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Dana Parsons

The $300,000 Question: Did You Like Hitting the Jackpot?

November 09, 1994|Dana Parsons

I wish I had a gumdrop for every time someone walked up to me and said, "Zounds, man, why so glum?"

Of all the answers given over the years, never have I said, "If you must know, I recently came into a large sum of money. It has me quite upset."

Mind you, I have never come into a large sum of money, but even if I had, I promise you it would not have bummed me out. Until now, the only thought I've given to the subject is that should I ever hit it big, I wouldn't tell any friends or relatives. Let them figure out for themselves why I suddenly became more petty and hateful.

Believing that reaction to be nearly universal, imagine my surprise to read that four university researchers, including one each from Cal State Fullerton and UC Irvine, got federal grants to study what happens to people who hit a lottery jackpot. Talk about hitting the jackpot, the researchers got $300,000 from the National Science Foundation to finance a project until 1997, during which the research team will interview about 200 people who won at least $100,000 and another 200 who won smaller prizes.

(Initial reports are that the researchers were very happy to receive the $300,000.) Just wondering: Could this be a preview of Chapter 1 of their findings?

The study hopes to delve into the largely unexplored questions of how sudden wealth affects a person's attitude, health, happiness and spending habits. I have no insider information, but put me down for $2 on the line that says all of those things will be improved by winning $1 million.

As part of the researchers' curiosity about how spending habits change, they plan to look at winners' dining-out habits. "We'll ask people how often they went out to eat before they won, and then how much they went out to eat afterward," Cal State Fullerton psychology professor Michael Birnbaum was quoted as saying. The context for that will be to see if revised spending habits lead to lifestyle changes that could bring on stress.

The researchers also will ask the jackpot winners if, for example, they intend to quit their jobs or take big vacations. Then, the study will keep track of them to see if they follow through on their stated plans.

Whether the public will have the patience to wait for those results is unknown at this point.

It won't stop there, however. The study also will examine how the big bucks affect the way the nouveau riche make decisions, according to Birnbaum. There's a whole theory surrounding that, too, but believe me, you wouldn't be interested.

If your response so far is that this is a practical joke, it is not.

Birnbaum explained the project by saying that everybody talks about what happens to people who hit it big, but that there isn't much research available.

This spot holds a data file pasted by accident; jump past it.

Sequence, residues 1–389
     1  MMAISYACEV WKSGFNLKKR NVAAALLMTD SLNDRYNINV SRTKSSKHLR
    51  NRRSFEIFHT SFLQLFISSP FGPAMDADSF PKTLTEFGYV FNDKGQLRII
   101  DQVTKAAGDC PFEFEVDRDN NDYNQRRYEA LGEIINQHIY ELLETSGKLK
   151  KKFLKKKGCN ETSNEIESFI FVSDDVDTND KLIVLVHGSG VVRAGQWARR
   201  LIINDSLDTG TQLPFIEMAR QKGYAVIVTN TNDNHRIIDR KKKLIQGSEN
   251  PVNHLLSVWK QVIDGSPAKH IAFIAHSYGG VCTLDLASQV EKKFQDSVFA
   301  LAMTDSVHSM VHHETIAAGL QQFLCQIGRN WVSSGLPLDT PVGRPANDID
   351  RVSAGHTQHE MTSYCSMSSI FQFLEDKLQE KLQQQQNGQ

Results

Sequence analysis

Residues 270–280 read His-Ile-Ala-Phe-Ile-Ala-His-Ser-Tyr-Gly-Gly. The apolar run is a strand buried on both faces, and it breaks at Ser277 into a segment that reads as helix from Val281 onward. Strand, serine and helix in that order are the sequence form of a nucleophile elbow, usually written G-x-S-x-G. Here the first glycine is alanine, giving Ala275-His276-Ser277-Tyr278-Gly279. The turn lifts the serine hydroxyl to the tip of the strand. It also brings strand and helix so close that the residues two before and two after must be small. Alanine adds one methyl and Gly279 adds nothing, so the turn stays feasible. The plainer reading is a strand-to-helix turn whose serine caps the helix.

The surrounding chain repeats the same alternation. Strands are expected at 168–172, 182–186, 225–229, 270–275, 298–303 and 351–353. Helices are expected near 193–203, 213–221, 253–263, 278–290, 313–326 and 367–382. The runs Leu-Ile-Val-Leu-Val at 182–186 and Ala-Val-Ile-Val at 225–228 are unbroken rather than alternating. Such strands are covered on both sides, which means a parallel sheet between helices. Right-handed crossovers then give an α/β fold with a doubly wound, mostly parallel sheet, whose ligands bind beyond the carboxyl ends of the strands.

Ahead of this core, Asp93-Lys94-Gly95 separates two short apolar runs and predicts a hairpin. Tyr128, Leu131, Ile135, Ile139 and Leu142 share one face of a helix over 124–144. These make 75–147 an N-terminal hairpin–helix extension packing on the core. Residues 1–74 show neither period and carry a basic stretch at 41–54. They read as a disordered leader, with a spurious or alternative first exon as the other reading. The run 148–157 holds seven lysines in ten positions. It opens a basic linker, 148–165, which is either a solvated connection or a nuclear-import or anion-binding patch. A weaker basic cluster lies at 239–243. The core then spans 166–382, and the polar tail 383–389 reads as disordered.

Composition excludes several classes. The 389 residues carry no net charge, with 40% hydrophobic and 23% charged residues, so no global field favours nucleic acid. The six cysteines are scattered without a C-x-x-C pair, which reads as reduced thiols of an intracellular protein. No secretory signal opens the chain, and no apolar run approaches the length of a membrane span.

Not to be a wet blanket, but there is a fairly obvious reason for that. Birnbaum may not like the answer, but it lies in the essential difference between academe and virtually everyone else.

While Birnbaum is correct in saying everybody talks about lottery winners, he fails to ponder whether everybody is so curious that they'd want the government to spend $300,000 on them.


To simplify it, picture a ballot proposal yesterday: "Should the federal government (or anyone in their right mind) spend $300,000 for a four-year study on the effects of hitting the lottery?"

As the political consultants might say, that's a tough sell.

The good news is that the government must be more flush than previously thought. Either that, or the people at the National Science Foundation have one hell of an insatiable curiosity about things.

I wonder how the folks over at the soup kitchen or the homeless shelter reacted when they see how easily 300K can be had.

I'm skeptical of the survey already.

For starters: If the new millionaires tell the researchers that their wealth has made them unhappy, I presume the follow-up question will be, "Then, why not give it back?"

It's simple enough. If you don't like your car, you trade it in. If a spouse makes you miserable, same thing.

Both of those deeds would be more difficult than returning all or part of $1 million. In fact, studies have shown that you can unload a million bucks quite easily these days and thereby restore yourself to a state of peace and serenity.

At this early stage, my guess is that the final report will closely paraphrase whoever it was who said, "I've been rich and I've been poor, and I like rich better."

In the meantime, I'm thinking of submitting my own research-grant application.

Subject: The effects on the psyche of the American public when they hear that $300,000 is being spent on such things.

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